“I turned 55 two weeks ago, so it’s my first race in my new age group,” she said proudly.

Clement had other reasons to be proud, besides winning in her first Gay Games. “My brother, Des Sullivan, who’s been involved in organizing, was onstage and read the Official’s Oath,” proving, as in many cases, that the Games are a family affair.

Melani Mociun, a gold medal winner, prefers ocean waves with her triathlons and describes the manmade Olympic “lake” as “hot and flat with no current” compared to her native California. Mociun is a frequent competitor in US Iron Man competitions.

Having been one of many who made their way to Penrith before dawn, she joked that, “I think the drive out here was more challenging than the race.”

Berkeley, California Johan Steiner’s tie-dye t-shirt went well with shiny new gold medal (35-39 year old category), at his sixth triathlon. Steiner credits his boyfriend, also a top competitor, with getting him into the demanding sport.

“It was pretty smooth. I don’t like salt water, which is often what you swim in at Iron Man events, so it was nice,” he said. He also enjoyed the bonding with fellow teammates, and meeting people from around the world.

Although estimating that he might have ended up the second best overall, he calmly munched on his lunch as he and his boyfriend graciously drove us off to yet another venue.. With their bike in the back seat of their stylish rental SUV, draped in the tie-dye toga from their Opening Ceremonies costumes, driving on the left side of the road proved yet another exciting course of the day.

A Wave of Peace

Closer to Sydney, the roar and splash of swimmers diving into their lanes had begun to fill the Aquatic Centre pool, where many world records had been broken only two years before by the likes of local celebrity Ian Thorpe. Freestyle, medley and other events continued throughout the day. Water polo teams patiently waited for their matches, which are usually scheduled after swimming events.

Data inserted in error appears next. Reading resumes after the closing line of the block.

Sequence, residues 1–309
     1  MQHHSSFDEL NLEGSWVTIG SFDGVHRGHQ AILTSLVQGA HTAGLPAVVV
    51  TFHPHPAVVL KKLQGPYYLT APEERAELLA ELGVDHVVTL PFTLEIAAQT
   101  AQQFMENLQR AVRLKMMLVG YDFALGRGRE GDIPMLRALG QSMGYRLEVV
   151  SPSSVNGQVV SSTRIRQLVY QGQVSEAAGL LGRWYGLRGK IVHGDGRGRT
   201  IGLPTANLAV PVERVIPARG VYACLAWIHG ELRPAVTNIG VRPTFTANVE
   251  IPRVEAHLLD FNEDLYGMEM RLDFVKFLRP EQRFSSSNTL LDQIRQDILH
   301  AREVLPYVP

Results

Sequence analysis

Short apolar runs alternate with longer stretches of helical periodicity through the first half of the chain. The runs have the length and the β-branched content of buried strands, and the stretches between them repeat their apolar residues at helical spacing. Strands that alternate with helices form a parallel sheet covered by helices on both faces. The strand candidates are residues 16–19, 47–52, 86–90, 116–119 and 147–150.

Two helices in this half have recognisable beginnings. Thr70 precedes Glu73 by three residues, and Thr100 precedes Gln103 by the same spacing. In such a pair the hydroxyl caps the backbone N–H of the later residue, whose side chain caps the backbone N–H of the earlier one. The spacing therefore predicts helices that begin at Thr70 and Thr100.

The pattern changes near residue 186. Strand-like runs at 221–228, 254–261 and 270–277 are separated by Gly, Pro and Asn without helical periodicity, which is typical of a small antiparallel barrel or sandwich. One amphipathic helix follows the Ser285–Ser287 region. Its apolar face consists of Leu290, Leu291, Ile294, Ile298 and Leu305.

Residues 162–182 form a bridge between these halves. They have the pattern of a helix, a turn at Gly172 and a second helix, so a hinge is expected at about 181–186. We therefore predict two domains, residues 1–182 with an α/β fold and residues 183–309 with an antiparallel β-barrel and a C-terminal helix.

Some venues are always worth trekking to, particularly a sparkling clean Olympic pool full of lesbians and gay men in Speedos.

Among the fans gazing at a small exhibit of nude male photos hanging along the small balcony overlooking the pools, Bruce Swanson and Robert Olsen from Baltimore, Maryland drew a few looks with their politically charged T-shirts, which read “NO OIL WAR IN IRAQ.”

Both Marathon, 10K and 5K runners are enjoying their third Games noted that they’ve received “a lot of positive comments,” said Olsen, “But then people probably don’t comment if they don’t like it. Mostly Americans have commented. We intentionally got these t-shirts to wear after attending the Peace March on Washington.”

They agree with the political aspects of simply attending Gay Games. “Some of the rest of the world needs to know that not all Americans agree with our president, and we don’t agree with the course he’s been taking,” said Swanson. “When you read the local papers, and compare it to what we’re reading in the States, it’s not quite the same.”

They also raised issue with the city of Sydney abruptly charging Front Runners an extra $4,000 AUS for their park Fun Run of the previous day.

“The route for the Marathon is now four laps of the same area, possibly because of some charge for closing roads,” added Olsen.

“A few thousand for a race is outrageous,” said Swanson. “That sounds more like Washington, DC!”